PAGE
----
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Bosom Buddies offers lifeline

Lincoln Hills group provides support for breast cancer survivors
By: Brandon Darnell The News Messenger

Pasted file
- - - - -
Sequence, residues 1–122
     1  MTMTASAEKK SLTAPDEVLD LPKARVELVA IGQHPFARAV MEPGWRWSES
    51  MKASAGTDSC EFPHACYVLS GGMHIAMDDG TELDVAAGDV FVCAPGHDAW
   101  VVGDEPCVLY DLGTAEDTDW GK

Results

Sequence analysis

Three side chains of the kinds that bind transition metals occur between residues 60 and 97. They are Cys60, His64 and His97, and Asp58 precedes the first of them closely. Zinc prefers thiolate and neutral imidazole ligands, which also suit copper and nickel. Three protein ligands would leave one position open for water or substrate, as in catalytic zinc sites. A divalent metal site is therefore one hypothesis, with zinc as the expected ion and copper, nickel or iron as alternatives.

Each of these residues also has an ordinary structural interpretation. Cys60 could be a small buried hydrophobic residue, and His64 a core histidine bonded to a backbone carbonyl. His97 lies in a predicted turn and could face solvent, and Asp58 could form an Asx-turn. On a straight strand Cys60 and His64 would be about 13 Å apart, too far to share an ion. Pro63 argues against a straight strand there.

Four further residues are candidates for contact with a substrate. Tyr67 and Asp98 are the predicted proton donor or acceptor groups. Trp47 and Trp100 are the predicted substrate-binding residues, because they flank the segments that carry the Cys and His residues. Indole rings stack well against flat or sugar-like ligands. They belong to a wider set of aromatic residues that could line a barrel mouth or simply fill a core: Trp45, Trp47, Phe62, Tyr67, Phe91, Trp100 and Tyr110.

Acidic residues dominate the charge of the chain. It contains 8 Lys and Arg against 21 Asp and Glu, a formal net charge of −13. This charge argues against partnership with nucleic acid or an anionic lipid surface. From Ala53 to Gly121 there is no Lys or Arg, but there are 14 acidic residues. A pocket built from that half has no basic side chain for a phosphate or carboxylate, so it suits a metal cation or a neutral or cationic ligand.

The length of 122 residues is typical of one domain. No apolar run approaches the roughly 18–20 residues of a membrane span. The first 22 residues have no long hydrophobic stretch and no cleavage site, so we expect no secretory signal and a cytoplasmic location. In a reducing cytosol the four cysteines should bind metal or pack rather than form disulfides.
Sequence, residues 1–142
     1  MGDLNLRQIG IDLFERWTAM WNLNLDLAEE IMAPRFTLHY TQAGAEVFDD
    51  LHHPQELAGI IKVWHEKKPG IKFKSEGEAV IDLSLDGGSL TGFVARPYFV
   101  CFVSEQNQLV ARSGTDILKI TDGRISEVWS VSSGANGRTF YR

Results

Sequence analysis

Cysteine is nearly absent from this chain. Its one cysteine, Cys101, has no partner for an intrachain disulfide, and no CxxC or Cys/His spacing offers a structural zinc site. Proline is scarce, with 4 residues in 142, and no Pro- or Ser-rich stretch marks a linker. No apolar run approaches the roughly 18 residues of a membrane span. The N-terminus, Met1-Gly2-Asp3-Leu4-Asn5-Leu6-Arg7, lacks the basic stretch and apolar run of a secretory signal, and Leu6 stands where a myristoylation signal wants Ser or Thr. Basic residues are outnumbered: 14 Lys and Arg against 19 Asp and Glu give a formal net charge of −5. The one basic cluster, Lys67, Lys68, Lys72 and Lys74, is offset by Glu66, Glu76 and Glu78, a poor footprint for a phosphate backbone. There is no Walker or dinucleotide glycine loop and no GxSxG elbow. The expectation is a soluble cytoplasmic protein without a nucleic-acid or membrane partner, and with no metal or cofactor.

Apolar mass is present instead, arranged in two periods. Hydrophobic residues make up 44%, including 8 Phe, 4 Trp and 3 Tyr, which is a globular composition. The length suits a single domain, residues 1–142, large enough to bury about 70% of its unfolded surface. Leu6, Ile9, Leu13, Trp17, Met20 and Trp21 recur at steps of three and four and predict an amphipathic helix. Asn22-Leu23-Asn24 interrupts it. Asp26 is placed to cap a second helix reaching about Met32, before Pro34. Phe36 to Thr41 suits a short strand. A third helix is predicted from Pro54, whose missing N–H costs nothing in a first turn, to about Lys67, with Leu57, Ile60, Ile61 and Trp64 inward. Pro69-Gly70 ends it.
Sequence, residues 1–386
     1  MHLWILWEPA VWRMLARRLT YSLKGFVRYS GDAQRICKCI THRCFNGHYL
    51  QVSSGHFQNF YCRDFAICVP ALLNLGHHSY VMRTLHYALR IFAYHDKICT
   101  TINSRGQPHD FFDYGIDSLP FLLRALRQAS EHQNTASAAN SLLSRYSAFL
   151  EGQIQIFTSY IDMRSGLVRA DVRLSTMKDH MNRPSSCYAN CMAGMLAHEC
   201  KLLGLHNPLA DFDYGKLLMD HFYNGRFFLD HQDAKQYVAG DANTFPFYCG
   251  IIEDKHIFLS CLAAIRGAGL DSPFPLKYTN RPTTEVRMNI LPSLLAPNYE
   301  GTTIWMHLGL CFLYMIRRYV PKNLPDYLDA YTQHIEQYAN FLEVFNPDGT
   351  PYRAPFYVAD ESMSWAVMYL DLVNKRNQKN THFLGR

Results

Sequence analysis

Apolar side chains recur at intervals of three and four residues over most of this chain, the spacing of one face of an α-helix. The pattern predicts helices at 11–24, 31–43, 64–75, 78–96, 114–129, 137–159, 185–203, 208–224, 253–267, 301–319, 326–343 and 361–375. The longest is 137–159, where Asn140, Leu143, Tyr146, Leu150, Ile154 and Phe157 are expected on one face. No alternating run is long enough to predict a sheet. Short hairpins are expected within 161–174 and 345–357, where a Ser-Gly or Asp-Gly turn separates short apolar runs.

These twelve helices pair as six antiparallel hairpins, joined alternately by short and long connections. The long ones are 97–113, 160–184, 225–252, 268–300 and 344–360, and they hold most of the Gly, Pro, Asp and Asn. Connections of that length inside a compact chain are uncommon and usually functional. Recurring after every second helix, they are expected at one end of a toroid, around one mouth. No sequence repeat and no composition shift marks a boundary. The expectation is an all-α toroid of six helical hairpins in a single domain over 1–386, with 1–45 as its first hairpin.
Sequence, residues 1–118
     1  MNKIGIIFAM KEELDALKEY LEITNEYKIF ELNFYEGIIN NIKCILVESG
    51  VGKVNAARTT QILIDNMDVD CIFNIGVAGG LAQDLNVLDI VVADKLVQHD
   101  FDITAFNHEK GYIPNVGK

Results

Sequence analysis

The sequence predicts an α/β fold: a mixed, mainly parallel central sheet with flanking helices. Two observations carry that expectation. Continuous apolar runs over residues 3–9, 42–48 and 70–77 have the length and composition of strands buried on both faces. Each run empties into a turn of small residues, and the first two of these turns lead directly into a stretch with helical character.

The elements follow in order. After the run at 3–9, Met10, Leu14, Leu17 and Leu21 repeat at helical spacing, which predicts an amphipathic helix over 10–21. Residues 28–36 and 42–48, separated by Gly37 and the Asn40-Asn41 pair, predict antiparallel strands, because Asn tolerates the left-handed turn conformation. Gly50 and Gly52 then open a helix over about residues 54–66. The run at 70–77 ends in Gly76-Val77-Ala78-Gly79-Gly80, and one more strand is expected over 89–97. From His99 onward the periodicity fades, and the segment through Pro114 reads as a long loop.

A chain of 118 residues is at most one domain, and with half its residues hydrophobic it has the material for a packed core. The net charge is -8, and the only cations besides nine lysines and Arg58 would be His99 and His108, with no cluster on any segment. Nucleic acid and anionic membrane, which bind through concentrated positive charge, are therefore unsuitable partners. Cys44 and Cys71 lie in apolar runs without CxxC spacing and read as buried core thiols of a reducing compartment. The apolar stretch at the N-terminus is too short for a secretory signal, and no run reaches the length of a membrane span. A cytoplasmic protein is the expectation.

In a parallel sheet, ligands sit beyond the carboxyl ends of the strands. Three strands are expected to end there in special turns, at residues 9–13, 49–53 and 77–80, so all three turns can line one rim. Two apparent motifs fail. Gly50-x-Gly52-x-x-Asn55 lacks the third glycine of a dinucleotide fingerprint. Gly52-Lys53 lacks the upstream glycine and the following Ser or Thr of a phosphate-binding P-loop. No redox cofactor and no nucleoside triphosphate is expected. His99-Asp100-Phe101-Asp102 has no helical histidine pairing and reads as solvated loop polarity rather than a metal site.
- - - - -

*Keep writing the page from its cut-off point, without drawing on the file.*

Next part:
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Flo Hansen was virtually alone when she received the devastating news that she had breast cancer. But she quickly found a support network. “Every time I turned around, there was someone from Bosom Buddies at the door,” she said. With no family in the area, Bosom Buddies soon became Hansen’s family, and she credits the group with her survival. “They just enveloped me,” she said. Members brought her flowers, chocolate and other items, and often drove her to her doctor appointments and came to her house to administer the medications she needed. “I feel that without Bosom Buddies, I wouldn’t have lived,” she said. “They never baby you or patronize you.” From its humble beginnings as an 18-member support group in 2002, the Bosom Buddies Breast Cancer Survivors Group of Sun City Lincoln Hills has grown to more than 60 members. Providing needed support – both physical and moral – is the key goal of Bosom Buddies. Support comes in the forms Hansen experienced, as well as others. “We take flowers and meals to them,” group president Patty McCuen said. “We give them rides to the hospital and a lot of moral support. We answer a lot of questions, since they can’t always call their doctors right away.” Having gone through it before, the members have a good knowledge base for what to expect and help newly diagnosed patients get past the shock and fear of initially coping with it and moving toward battling the cancer. “I never thought I’d be sitting here,” said Diane Van Wingen, who joined Bosom Buddies last month. “It’s such a warm, caring group.” After her recent surgery, Van Wingen received a pink rose bush and fresh-baked muffins. “I thought, how can I give back?” she said. Her answer was to become more involved with the group in an effort to help other women in the future. Bosom Buddies formed in 2002 when founder Linda Williams was diagnosed with breast cancer and called Kathy Himelhoch, who was in charge of getting the initial Lincoln Hills support going. “How do we go on? How do we cope? How do we not worry? Together!” she wrote in an e-mail. The togetherness is not solely for women, as the women’s husbands attest. Jim Warren’s wife, Jan, was diagnosed four years ago. “It’s terrifying when you get the news,” he said. “This group gives a lot of moral support.” The husbands go through the same process of battling the disease, he said. Living with the women, they share in the initial shock, fear and disbelief, then have to cope with the news and work to handle it. “There’s a lot of positive stuff going on,” he said. Observing from the sidelines, in a way, he has the ability to see how the women bond together, and said they have made a lot of good friends. The group meets every month. The meetings serve as a time to get together, share a meal, and participate in activities “and getting back to the things that make our hearts sing,” Williams wrote. The Oct. 9 meeting featured lunch in the Meridians Restaurant followed by a play put on by the Reader’s Theater, Fred Ekman’s “Bus No. 10 doesn’t stop here anymore.” In recognition of National Breast Cancer Awareness Month, Bosom Buddies is teaming up with the Sacramento Breast Cancer Resource Center and the Brighton jewelry store in the Roseville Galleria to raise funds to keep the program going. Through Oct. 31, Brighton is running a promotion selling special bracelets for $60, $10 of which goes directly to local charities. “We’ve been doing this for seven years,” said Assistant Manager Noelle Nunes. “Since 2003, Brighton has raised more than $3 million for breast cancer charities.” Another contributor to Bosom Buddies is the Eighteen Hole Women Golfers, which originally hosted a benefit tournament and was the first sponsor of the group. Bosom Buddies is open to women living in Lincoln Hills. Sally Lewis, one of the contacts for Bosom Buddies, said she will personally help anyone, but can only refer Lincoln Hills residents to Bosom Buddies. She can be reached at 434-7381. For women living outside Lincoln Hills, the Sacramento Breast Cancer Resource Center is available, and it is located on the corner of Arden and Fulton in Sacramento. Typically catering to younger women suffering from breast cancer, the center is open to everyone, and can be reached by phone at 485-2067 or online at www.sacbcrc.com. Founder Gina Andrews started the center after being diagnosed with breast cancer at 31. The message portrayed by both groups is summarized at the end of each Bosom Buddies meeting, when the women get together and say, “Together we are strong. Together we make a difference. Together we will survive.”